Early memories of nature
I grew up on our family farm in the Cotswolds, spending many a day helping my father with jobs across the farm. My mother’s side of the family grew up in South Africa, and I was fortunate to spend much of my childhood in Namibia. Whether it was climbing kopjes in the Namibian bush, walking across heather moorlands in Scotland, or playing in the woods and valleys on the farm, I fell in love with the natural environment. If it's anything that involves habitat restoration or being out in the countryside, I’m sold.
Roots in rural land management
After leaving school, I spent a year in Kenya and Namibia helping tracking and anti-poaching teams. I then studied Geography and Environmental Management at the University of Exeter. After graduating in 2008, I joined the army and trained at Sandhurst, before going on deployments to Germany, Canada, Cyprus, and Afghanistan.
After six years, I was keen to return to the family farm. I completed a Masters in Rural Estate Management at the Royal Agricultural University and joined Savills, becoming a Chartered Surveyor. Around this time, I became more interested and aware of the emergence of natural capital. The draft Agriculture Act Agriculture and Environment Bill had just been released post-Brexit, signalling what I believed to be the start of the biggest change in land use across the UK since World War Two.
Developing a Natural Capital grade
In 2019, I co-founded Nature Capital and devised the Natural Capital Grade to help articulate the performance of a landholding’s natural capital to its owners and stakeholders, so we could help them demonstrate tangible progress and good practice.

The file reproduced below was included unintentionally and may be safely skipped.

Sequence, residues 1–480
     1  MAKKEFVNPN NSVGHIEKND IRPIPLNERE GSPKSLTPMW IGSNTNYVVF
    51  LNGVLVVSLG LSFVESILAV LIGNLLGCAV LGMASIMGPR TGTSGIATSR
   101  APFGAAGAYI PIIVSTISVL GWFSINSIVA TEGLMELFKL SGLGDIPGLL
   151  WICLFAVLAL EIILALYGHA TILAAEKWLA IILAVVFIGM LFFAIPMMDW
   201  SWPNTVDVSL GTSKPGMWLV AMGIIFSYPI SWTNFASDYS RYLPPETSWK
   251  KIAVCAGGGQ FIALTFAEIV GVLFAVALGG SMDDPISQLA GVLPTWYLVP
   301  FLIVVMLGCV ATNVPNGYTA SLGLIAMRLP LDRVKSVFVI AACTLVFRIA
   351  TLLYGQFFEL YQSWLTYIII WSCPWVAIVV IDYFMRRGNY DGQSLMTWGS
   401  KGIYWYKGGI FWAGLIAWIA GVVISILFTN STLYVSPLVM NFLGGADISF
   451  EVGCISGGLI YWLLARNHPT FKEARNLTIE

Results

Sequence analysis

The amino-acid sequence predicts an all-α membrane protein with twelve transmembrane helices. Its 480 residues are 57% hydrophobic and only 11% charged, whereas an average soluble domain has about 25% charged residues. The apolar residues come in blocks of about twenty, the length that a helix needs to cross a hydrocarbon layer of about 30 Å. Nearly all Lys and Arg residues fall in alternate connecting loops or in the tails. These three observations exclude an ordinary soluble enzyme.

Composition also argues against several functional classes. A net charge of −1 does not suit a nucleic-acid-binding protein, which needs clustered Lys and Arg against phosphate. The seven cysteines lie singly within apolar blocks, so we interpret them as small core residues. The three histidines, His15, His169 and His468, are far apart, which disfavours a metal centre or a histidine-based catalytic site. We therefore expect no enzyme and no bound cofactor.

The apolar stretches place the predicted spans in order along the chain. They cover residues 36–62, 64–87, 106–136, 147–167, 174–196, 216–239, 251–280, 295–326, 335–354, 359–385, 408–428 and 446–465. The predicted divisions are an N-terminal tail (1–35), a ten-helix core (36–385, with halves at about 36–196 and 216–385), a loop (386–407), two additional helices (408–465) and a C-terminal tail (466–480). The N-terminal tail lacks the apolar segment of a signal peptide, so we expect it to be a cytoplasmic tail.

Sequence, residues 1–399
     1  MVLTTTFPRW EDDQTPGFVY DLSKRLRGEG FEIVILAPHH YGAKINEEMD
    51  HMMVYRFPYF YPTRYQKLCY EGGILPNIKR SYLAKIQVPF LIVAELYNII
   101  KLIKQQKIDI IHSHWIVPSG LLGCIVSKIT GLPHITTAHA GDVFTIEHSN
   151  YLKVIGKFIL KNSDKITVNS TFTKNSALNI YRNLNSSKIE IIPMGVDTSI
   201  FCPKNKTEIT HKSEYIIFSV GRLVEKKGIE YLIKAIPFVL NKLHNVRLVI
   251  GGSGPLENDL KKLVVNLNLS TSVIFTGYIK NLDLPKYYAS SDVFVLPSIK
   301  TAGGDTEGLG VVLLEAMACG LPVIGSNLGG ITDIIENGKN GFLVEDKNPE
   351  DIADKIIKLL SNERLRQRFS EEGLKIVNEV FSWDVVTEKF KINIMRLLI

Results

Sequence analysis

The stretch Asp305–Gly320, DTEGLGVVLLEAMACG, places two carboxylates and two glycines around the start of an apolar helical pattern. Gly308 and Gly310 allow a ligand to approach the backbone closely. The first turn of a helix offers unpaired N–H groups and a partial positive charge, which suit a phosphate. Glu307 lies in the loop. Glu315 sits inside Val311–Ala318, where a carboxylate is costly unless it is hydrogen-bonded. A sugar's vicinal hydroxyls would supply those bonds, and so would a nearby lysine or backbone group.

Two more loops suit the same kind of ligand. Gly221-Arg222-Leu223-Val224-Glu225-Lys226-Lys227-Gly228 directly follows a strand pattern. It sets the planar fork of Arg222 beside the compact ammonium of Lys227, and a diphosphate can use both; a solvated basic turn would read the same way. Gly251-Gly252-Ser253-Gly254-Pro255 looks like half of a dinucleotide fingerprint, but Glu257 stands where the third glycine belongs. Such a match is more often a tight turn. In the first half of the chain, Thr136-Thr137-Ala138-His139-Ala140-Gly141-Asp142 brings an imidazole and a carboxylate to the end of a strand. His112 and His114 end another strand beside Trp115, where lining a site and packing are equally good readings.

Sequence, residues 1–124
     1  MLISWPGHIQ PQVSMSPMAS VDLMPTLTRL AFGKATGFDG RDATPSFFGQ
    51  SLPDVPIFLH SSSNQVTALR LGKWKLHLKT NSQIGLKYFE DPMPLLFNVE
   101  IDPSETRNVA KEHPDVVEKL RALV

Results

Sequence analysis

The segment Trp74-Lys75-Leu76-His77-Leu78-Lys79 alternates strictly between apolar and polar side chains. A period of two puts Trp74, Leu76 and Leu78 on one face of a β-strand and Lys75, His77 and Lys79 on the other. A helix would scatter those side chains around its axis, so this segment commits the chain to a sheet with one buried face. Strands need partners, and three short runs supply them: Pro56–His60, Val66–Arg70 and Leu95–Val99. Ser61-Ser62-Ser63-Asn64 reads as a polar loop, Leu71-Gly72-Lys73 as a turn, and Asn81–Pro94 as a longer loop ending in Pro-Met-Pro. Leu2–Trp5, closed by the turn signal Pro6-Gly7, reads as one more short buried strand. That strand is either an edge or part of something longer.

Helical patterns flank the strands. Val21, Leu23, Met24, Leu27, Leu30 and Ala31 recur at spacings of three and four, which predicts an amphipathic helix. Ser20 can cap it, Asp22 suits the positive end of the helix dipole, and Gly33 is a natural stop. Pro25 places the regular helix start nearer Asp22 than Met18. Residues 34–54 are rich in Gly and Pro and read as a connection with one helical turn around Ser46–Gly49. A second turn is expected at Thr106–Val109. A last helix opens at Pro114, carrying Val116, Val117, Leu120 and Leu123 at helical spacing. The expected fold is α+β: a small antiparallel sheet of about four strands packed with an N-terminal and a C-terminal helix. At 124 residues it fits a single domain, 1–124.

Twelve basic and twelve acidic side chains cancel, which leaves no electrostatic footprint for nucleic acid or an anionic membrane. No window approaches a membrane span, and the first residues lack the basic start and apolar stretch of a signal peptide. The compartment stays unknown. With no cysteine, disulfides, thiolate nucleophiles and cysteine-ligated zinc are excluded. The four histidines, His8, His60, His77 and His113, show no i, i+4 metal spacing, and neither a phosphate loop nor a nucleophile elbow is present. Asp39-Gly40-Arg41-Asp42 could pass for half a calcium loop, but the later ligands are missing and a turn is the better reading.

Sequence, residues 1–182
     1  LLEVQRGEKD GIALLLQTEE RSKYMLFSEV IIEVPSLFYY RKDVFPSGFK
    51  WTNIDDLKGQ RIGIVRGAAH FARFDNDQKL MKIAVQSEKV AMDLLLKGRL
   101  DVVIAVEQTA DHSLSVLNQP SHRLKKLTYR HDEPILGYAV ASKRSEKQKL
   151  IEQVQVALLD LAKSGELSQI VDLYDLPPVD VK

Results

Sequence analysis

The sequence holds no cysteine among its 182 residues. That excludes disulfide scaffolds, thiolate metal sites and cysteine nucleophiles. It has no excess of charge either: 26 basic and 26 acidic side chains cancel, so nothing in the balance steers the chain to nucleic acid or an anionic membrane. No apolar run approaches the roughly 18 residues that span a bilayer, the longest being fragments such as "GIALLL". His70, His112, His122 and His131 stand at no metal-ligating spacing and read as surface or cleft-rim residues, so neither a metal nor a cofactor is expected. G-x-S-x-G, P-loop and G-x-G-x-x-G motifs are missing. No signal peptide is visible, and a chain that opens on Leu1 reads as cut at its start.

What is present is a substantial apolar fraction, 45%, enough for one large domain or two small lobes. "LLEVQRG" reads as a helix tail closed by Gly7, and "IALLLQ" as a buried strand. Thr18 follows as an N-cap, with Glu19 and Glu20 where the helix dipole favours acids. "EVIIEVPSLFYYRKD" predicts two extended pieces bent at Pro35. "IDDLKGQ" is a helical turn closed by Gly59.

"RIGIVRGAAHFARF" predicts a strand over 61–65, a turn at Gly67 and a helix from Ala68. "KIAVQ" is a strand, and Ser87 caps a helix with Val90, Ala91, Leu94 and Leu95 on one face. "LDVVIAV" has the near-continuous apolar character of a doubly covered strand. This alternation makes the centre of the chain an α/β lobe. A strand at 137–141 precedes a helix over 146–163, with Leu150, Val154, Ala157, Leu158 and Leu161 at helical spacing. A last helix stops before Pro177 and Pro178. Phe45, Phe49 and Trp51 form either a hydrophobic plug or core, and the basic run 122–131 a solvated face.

We helped landowners identify the highest impact opportunity and quantified the amount of carbon or Biodiversity Net Gain (BNG) units a project might generate – working across everything from small hilltop farms on Exmoor to large estates like Badminton and Sandringham.
Very occasionally, you meet a team that combines the tech expertise, data capabilities, communication, project management and specialist skills to take a vision and deliver it with integrity. When I met the Zulu team, that was exactly what I found.
The multi-disciplinary team is one of Zulu’s strongest attributes, with each person bringing a complimentary skillset to the broader mission. After working together on several projects, we decided to merge Zulu and Nature Capital, and I’ve been with Zulu ever since.
Role at Zulu Ecosystems
My role at Zulu is primarily focused on building relationships and developing habitat creation projects with landowners, landscape clusters, and environmental groups. I work with them to help them understand their natural capital and identify potential habitat restoration sites, while helping the Zulu team deliver projects and build upon the capabilities of our platform.
A key part of what we do at Zulu is to assess and then deliver projects at a landscape scale. By aggregating clusters of smaller projects and enabling the integration of private finance, we can support even small-scale individual nature restoration as part of a larger whole. This maximises a project’s benefits to local biodiversity, allows us to enhance habitat connectivity, all while creating a highly investable book of carbon in the local area.
Understanding how natural capital can affect land use and food production
Historically, there were very few ways to make money from land that weren’t tied to timber or food production. I was always taken by examples in Namibia and South Africa, where more naturalised habitats and wildlife have a clear value and generate revenue, typically from sources like ecotourism or hunting. Without having to rely on intensive farming, the impact on the land is much lower.
Unless the landowner and local community can see demonstrable value from a habitat, it will often go overlooked and unappreciated. I believe that nature and the benefits it provides must have a value. If it doesn’t, it all too easily gets ignored then taken for granted.